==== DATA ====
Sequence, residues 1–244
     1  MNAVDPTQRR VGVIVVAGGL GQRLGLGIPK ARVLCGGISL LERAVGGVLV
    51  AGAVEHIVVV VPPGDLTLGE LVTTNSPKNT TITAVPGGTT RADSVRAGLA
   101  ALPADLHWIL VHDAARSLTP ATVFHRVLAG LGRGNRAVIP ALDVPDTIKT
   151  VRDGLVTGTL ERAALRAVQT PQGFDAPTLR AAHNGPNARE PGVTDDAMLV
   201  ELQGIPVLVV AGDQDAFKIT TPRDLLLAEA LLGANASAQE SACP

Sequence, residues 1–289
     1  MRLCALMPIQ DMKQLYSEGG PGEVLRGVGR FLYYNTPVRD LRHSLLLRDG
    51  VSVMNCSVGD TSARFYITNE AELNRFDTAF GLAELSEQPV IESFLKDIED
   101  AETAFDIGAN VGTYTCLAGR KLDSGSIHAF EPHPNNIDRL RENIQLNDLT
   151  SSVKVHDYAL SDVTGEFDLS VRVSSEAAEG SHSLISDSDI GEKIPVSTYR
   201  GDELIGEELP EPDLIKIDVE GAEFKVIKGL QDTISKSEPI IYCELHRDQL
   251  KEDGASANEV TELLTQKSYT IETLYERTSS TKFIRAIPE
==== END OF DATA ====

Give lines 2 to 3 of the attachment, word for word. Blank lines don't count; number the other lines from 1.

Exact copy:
     1  MNAVDPTQRR VGVIVVAGGL GQRLGLGIPK ARVLCGGISL LERAVGGVLV
    51  AGAVEHIVVV VPPGDLTLGE LVTTNSPKNT TITAVPGGTT RADSVRAGLA